The American Short Story Since 1950eBook - 2010
The American Short Story since 1950 offers a reappraisal and contextualisation of a critically underrated genre during a particularly rich period in its history. It offers new readings of important stories by key writers including Flannery O'Connor, John Cheever, Donald Barthelme, Raymond Carver, Lorrie Moore and Grace Paley. These readings are related throughout to the various contexts in which stories are written and published, including creative writing schools, story-writing handbooks, mass market and 'little' magazines. A long introduction tells the story of the American short story before 1950. The first four chapters are roughly chronological, covering the major trends (such as realism, fabulism and minimalism) in short fiction from the 1950s to 2000. The fifth explores the implications for the short story of its association with creative writing education. The sixth deals with the short story sequence since 1950. A conclusion surveys the state of short fiction today.Key Features*explores a particularly rich period in the history of the short story *offers close-readings of important stories by major writers including Flannery O'Connor, John Cheever, William Gass, Donald Barthelme, Raymond Carver, Denis Johnson, Junot Díaz, Edward P. Jones, Grace Paley, Sherman Alexie, David Foster Wallace, Gish Jen, Lorrie Moore, David Bezmozgis and Lydia Davis* draws on previously unpublished interviews with many of these writers*explores the contexts in which stories are written and published, including story-writing handbooks, mass market and 'little' magazines, creative writing workshops*considers the short story in relation to a variety of literary modes and trends such as realism, metafiction and minimalism, and to other forms, especially the novel and the lyric poem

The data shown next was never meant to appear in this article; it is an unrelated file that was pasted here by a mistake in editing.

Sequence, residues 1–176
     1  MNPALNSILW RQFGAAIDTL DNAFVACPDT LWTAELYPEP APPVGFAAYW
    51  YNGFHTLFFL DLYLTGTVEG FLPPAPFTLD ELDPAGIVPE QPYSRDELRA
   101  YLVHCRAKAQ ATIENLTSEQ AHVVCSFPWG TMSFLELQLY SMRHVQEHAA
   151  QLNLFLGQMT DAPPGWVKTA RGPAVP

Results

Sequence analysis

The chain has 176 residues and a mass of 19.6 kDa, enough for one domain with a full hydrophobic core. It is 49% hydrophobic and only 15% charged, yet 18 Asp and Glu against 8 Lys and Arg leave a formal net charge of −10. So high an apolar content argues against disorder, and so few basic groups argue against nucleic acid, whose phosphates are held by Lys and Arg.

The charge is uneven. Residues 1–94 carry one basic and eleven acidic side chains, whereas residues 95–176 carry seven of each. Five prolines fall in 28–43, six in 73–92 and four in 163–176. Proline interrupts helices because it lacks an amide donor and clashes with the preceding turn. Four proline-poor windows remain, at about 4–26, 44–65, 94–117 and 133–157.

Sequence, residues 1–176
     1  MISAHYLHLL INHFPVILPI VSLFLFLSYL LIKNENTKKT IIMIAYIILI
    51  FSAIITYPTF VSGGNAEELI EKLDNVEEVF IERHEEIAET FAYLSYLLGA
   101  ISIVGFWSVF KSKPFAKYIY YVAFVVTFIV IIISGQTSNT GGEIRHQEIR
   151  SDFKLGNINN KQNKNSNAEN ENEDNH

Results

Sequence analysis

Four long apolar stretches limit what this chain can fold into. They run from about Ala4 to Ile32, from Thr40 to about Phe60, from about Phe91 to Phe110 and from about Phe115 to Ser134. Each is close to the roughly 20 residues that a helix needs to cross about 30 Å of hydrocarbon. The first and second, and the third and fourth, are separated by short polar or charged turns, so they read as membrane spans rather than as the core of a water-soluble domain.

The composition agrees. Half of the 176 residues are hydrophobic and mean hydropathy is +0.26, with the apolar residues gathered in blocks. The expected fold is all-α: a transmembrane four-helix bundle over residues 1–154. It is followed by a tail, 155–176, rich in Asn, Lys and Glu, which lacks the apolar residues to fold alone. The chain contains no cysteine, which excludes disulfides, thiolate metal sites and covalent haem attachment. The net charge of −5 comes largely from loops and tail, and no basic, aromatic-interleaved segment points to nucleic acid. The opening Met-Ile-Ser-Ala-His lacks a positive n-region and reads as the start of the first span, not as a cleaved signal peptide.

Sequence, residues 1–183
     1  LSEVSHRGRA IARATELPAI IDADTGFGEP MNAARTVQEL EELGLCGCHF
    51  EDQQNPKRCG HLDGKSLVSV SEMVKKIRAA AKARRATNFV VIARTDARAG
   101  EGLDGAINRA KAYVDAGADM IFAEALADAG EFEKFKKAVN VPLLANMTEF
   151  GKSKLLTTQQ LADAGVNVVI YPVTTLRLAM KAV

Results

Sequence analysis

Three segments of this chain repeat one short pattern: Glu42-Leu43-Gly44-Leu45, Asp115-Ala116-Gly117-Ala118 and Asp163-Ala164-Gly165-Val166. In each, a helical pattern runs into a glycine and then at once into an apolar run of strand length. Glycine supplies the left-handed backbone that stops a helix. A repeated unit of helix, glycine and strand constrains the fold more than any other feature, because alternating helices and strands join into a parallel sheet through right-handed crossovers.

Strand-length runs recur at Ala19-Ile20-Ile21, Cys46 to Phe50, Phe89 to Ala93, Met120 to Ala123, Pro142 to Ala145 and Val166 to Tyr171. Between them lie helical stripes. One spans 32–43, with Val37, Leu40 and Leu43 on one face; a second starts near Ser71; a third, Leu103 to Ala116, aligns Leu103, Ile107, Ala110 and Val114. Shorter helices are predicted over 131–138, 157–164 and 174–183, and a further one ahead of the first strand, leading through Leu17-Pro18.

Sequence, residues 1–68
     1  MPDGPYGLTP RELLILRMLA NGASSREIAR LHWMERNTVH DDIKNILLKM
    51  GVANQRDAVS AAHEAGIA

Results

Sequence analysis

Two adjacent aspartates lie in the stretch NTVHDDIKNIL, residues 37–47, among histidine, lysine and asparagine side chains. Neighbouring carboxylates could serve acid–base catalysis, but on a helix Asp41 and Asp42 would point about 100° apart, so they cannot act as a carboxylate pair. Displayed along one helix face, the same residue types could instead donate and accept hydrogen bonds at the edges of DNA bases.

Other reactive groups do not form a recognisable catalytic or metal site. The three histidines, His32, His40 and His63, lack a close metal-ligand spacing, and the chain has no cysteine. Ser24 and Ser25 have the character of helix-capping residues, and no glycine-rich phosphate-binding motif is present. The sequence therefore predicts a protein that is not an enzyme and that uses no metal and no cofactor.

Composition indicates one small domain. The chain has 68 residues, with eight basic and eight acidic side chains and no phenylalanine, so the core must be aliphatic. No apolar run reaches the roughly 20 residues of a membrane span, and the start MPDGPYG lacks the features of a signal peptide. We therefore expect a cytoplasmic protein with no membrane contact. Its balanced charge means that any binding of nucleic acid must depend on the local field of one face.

Publisher: Edinburgh : Edinburgh University Press, 
Copyright Date: ©2010
Characteristics: 1 online resource (178 pages).